A serious difference among Maoist groups centers on support for the Equal Rights AineildmEmt (ERA). (For a discussion of why the Spartacist League supports the ERA, see Women and Revolution No. 4, Fall 1973.) The RU militantly opposes the ERA on the grounds that it would abolish protective legislation, but its arguments are contradictory. To be consistent, the RU would have to demand repeal of Title VII of the Civil Rights Act of 1964 since this has been much more responsible for the repeal of protective legislation for women than the ERA would be. The point, of course, is to fight for the extension of protective legislation, not to seek defensively to maintain the status quo which is, in any event, under attack. The weakness of the RU on this question may have been behind its vicious physical attack on members, the Militant Action Caucus of the Communication Workers of America who were carrying signs in support of the ERA at a San Francisco demonstration this June. But while the RU does not hesitate to attack proponents of the ERA, it raised quite a hypocritical hue and cry about the refusal of the Chicago Women’s Liberation Union, including members of the OL, to allow the RU to criticize the ERA in a leaflet at an international Women’s Day march.
Like the RU, the Communist Labor Party initially opposed the ERA, declaring it to be a “fascist plot.” But recently the CLP has done “self-criticism” and following a short announcement of its “mistake, “an about-face of sorts was executed in the August issue of Peoples Tribune. In an exceptional display of political cowardice, the CLP refused to take a position for or against the ERA, stating only that it would engage in work “around the ERA”. But whether this work will support the ERA or attack it is anyone’s guess.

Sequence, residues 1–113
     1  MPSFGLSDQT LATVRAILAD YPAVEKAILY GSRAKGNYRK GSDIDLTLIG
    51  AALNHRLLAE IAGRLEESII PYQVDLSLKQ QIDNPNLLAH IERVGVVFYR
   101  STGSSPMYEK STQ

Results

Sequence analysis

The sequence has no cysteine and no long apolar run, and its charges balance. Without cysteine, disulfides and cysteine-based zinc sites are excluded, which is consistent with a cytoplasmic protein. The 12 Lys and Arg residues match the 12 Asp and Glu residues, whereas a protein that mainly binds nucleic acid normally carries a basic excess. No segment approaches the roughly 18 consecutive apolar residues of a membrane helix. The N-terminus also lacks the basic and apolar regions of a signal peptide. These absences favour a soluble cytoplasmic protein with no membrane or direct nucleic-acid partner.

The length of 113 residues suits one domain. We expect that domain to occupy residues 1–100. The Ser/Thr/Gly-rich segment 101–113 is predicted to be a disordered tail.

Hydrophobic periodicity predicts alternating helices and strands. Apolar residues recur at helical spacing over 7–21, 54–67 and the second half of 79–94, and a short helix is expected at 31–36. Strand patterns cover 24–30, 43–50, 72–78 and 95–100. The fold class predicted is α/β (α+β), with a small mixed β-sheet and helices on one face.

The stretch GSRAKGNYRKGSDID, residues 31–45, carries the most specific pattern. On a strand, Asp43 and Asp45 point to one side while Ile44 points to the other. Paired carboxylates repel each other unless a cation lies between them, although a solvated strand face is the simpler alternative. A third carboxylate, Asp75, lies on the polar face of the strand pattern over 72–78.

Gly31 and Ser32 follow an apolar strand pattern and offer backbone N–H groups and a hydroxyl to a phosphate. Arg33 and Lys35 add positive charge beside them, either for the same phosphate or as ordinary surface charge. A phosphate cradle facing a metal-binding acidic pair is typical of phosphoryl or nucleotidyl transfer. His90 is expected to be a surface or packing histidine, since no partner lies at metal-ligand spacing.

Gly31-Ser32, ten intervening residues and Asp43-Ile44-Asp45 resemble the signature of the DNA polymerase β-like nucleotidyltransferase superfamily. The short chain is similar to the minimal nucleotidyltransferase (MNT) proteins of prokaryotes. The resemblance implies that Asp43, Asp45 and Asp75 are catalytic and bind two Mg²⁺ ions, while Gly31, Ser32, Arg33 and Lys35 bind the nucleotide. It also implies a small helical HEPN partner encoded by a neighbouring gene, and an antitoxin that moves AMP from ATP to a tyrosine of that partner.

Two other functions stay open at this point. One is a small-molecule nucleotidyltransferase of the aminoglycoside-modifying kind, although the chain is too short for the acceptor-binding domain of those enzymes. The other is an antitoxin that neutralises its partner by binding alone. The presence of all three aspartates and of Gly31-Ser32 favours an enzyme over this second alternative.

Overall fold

Regarding the question of orientation to the Coalition of Labor Union Women (CLUW), differences similar to the ones above also emerge. The OL went whole-hog into CLUW, taking up many bureaucratic posts and submerging any independent presence. Their sharpest criticisms have been leveled at the Spartacist League for raising a class-struggle program in CLUW, with milder criticisms of the Communist Party and the Socialist Workers Party, which stand slightly to the right of the OL in this arena.
Having fought for the bureaucrats and against the communists in CLUW, the OL is now slowly “discovering” that CLUW is dominated by the trade-union bureaucracy, a fact pointed out by the Spartacist League more than six months ago. The recent disaffection of many of these bureaucrats has put the OL in a temporarily stronger position within CLUW, temporary because CLUW is not likely to be a viable organization. (See’ “CLUW: Dead End for Working Women”, W&R No. 6, Summer 1974.) .
The RU has for the most part ignored CLUW and criticized the OL for trying to push the unions to the left. The RU’s recent turn is away from trade unions altogether because while the RU is reluctant to capitulate to the trade-union bureaucrats, it is even more reluctant to fight them. However, when RU supporters came to the first Los Angeles CLUW meeting in July, they voted with the OL (and the SWP, IS and CP) to prevent political discussion ,by voting down a motion raised by a member of the Militant Caucus of AFSCME 2070 in favor of democratic debate and resolutions.
The OL, the RU and the CLP have all amply demonstrated their fundamental reformism. The polemics among them may be sharp, but none is fighting for revolutionary principles. All, too, would be quick to subordinate any struggle to the interests of the Chinese bureaucracy if it would gain them the coveted status of “official” Maoist party in the U.S. So while the Spartacist League carries forward the struggle for women’s liberation through socialist revolution, the Maoists persist in their attempts to make the family the fighting unit for reformism and puritanism.